[AMRadio] 7160 tonight: Suggestion


Bob Macklin macklinbob at msn.com
Thu Apr 2 21:00:12 EDT 2009


You had to be on 75, 40, or 20 AM in 57 and 58 to really appreciate the
problem. In the evening 75 and 40 phone segments were wall to wall AM QSOs.
The hetrodyne noise was terrible. During the daytime the 20M phone segment
was the same way.

At this time SSB was the new kid on the block.

The advantage of AM is that you do not have to critically tune the Rx if it
is a classic BA. The VFOs of that period were also not precise.

Bob Macklin
K5MYJ
Kent (Seattle), Wa,
"Real Radios Glow in the Dark"

----- Original Message ----- 
From: "Jim Wilhite" <w5jo at brightok.net>
To: "Discussion of AM Radio in the Amateur Service"
<amradio at mailman.qth.net>
Sent: Thursday, April 02, 2009 3:15 PM
Subject: Re: [AMRadio] 7160 tonight: Suggestion


> These are the arguments I remember from the mid 50s about why we
> needed to restrict bandwidth of  our transmitted signals.  Also the
> fact that there were so many more hams that were on the air.
> Collins lead the way with the 75A1A which, with modifications would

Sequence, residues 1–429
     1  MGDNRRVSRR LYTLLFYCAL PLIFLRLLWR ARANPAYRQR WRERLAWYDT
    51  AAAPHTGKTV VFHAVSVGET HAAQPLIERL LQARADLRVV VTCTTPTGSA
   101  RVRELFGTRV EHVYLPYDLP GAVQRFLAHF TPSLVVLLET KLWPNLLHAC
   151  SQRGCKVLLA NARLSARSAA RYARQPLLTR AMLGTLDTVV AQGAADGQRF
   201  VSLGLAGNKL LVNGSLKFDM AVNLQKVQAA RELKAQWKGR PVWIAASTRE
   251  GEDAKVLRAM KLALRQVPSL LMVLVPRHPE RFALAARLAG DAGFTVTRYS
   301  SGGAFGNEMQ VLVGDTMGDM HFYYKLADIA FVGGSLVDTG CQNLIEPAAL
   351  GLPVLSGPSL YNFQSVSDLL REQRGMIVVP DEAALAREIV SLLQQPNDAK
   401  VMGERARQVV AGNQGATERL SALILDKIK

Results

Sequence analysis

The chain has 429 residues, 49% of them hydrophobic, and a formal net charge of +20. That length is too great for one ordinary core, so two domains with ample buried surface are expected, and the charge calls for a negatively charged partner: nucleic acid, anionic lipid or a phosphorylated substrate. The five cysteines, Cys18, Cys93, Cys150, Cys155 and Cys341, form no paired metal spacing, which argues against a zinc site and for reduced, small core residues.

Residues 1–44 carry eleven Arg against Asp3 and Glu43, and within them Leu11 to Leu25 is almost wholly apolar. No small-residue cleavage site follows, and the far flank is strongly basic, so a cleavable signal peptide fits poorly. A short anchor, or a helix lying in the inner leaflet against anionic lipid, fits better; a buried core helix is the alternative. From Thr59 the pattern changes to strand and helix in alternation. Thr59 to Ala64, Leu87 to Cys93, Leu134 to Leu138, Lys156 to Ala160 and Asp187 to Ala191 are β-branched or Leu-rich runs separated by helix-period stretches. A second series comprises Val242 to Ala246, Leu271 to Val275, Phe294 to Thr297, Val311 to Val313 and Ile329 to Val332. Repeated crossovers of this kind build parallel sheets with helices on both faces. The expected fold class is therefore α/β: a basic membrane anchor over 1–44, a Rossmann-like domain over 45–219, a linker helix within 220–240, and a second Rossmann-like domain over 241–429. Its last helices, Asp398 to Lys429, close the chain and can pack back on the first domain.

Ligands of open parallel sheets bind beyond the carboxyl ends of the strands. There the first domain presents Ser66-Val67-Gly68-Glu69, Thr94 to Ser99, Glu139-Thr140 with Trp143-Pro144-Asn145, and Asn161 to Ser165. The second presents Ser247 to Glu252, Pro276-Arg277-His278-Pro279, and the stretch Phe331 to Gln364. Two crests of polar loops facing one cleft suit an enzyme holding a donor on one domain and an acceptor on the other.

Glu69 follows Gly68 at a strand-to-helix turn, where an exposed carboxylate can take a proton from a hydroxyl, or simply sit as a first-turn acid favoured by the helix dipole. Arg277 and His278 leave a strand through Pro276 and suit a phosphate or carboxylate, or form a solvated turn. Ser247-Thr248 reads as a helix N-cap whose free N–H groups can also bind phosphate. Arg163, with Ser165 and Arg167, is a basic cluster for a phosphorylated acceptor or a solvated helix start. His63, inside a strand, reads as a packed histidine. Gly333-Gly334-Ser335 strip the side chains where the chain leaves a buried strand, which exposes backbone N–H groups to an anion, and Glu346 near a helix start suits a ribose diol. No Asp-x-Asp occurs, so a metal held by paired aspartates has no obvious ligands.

> have, what, 2.4 Kc bandwidth?  Other manufacturers followed suit.
> Most receivers and transceivers have 2.4-2.7 Kc bandwidth at the
> most.  So the outcome was the ARRL supported SSB to double the
> number of stations that could transmit at the same time.  Today
> people are decrying the fact that there are fewer hams than in past
> years.  That should give us more space.
>
> Today we modify our rigs to utilize from 100 or so cycles out to
> 8-10 Kc so we sound better.  Even the SSB crowd is doing it out to
> about 5 or 6 Kc.  I'm sorry my WRL VFO is not stable enough to stay
> on one frequency for an extended period.  It does wander at least
> 100-500 cycles between transmit and receive.
>
> So if someone using a modern transceiver wants to move about 1.5 Kc
> near me, they better have an auto notch function or be prepared to
> change the notch knob as my VFO wanders.  Last I read part 97 there
> are no standards for frequency stability on the ham bands.
>
> I do try to be considerate, I just wish the SSB crowd, especially
> the contest and DX bunch would try.
>
> Jim/W5JO
> .
>
>
>
> >I see this all over, and its just poor operating practice.
> >
> > Some guys will be 2 or even 3 KHz low, someone else might be 1 or
> > 2 KHz
> > high, some guys are overmodulating and/or have no restrictions on
> > the high
> > end of the audio, and the qso is 10 KHz wide, which is rude.
> >
> > Not so important on an empty band, but still poor operating
> > practice all
> > around.
> >
> > I know its hard to keep some rigs on frequency, you need to zero
> > beat often.
> >
> > When I had the drake R4C, sometimes I only heard one guy in a qso,
> > the other
> > guy was out of the passband!
>
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